Objective: Iliopsoas abscess (IPA) is a rare condition, with little evidence based knowledge to guide the physician in the management of the patient. This paper presents a review of the literature, and a material of eight patients with IPA is described. The current knowledge about the epidemiology, etiology, diagnosis, treatment and prognosis is presented.
Method: Literature was obtained searching PubMed in January and February 2008. Search was made without time limitation, using the key words “psoas abscess OR iliopsoas abscess”. With limitation to English language this search gave 655 hits, of which 45 were review articles. References were chosen based on subjective consideration of their relevance for this article’s objective. Special emphasis is given to nine relatively recent case series published between 1990 and 2007, which altogether describe 171 cases of IPA. This article also presents eight cases of IPA from Ullevål University Hospital (UUS). All patients were treated between 2001 and 2005. The material has been collected retrospectively, with the help of physicians on various wards. It is possible that also other patients have been treated for the same condition during the same period of time.
Results: Epidemiology: there is little knowledge about the incidence of IPA, but there is general agreement that it has decreased as a consequence of the decreased prevalence of tuberculosis, since tuberculosis of the spine was previously the main cause of secondary IPA. It is suggested in literature that we are now seeing an increasing incidence in industrialized countries because of immigration, and possibly because more people live with immunosuppression. Etiology: around 68% of IPA are secondary to the spread of an infection in adjacent tissues, while 32% have no known infectious origin and are considered primary. The causes of secondary IPA are Crohn’s disease (16%), abdominal and gastrointestinal conditions excluding Crohn (18%), post operative infections (11%), spondylodiscitis excluding TB (16%), TB spondylodiscitis (3%), urinary or gynaecological conditions (20%), non-spinal osteomyelitis (5%), trauma (3%). Primary IPA are most commonly caused by S. aureus. Secondary infections have a more mixed list of causative organisms. Diagnosis: clinical presentation is often vague and non-specific. Diagnosis is best made with a CT-scan of the abdomen. Treatment: recent studies have shown good results for CT-guided percutaneous drainage in combination with antimicrobial treatment. Other treatment options include open, surgical drainage, conservative treatment with antimicrobials alone and percutaneous needle aspiration without any further drainage. Prognosis: little data about this. Estimates suggest low mortality for primary IPA, and higher rates for secondary IPA.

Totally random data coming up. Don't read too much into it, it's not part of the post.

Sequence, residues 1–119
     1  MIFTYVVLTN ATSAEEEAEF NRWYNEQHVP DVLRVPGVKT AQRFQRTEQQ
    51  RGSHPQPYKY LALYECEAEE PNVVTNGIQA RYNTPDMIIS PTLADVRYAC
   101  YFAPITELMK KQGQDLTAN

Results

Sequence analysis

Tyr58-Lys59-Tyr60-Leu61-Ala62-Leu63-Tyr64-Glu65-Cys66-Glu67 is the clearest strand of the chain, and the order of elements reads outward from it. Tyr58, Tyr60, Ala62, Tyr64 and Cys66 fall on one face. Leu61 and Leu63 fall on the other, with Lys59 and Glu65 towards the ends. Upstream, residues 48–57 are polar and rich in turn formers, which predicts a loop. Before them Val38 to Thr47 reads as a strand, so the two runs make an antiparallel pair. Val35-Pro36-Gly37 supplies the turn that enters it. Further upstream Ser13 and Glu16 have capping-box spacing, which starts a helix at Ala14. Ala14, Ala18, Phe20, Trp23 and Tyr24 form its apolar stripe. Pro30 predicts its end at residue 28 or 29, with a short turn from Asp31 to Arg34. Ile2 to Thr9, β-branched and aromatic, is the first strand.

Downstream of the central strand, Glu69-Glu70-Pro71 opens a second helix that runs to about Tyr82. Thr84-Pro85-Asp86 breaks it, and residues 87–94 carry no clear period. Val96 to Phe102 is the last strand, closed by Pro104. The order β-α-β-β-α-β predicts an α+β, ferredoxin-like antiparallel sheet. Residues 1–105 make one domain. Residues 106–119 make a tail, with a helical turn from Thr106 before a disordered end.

Conclusion More knowledge is needed before a protocol for management can be made. Questions that remain unanswered are: for how long should antimicrobial treatment be given? Which patients benefit from percutaneous drainage and who need an open, surgical drainage? For how long should a percutaneous drainage last?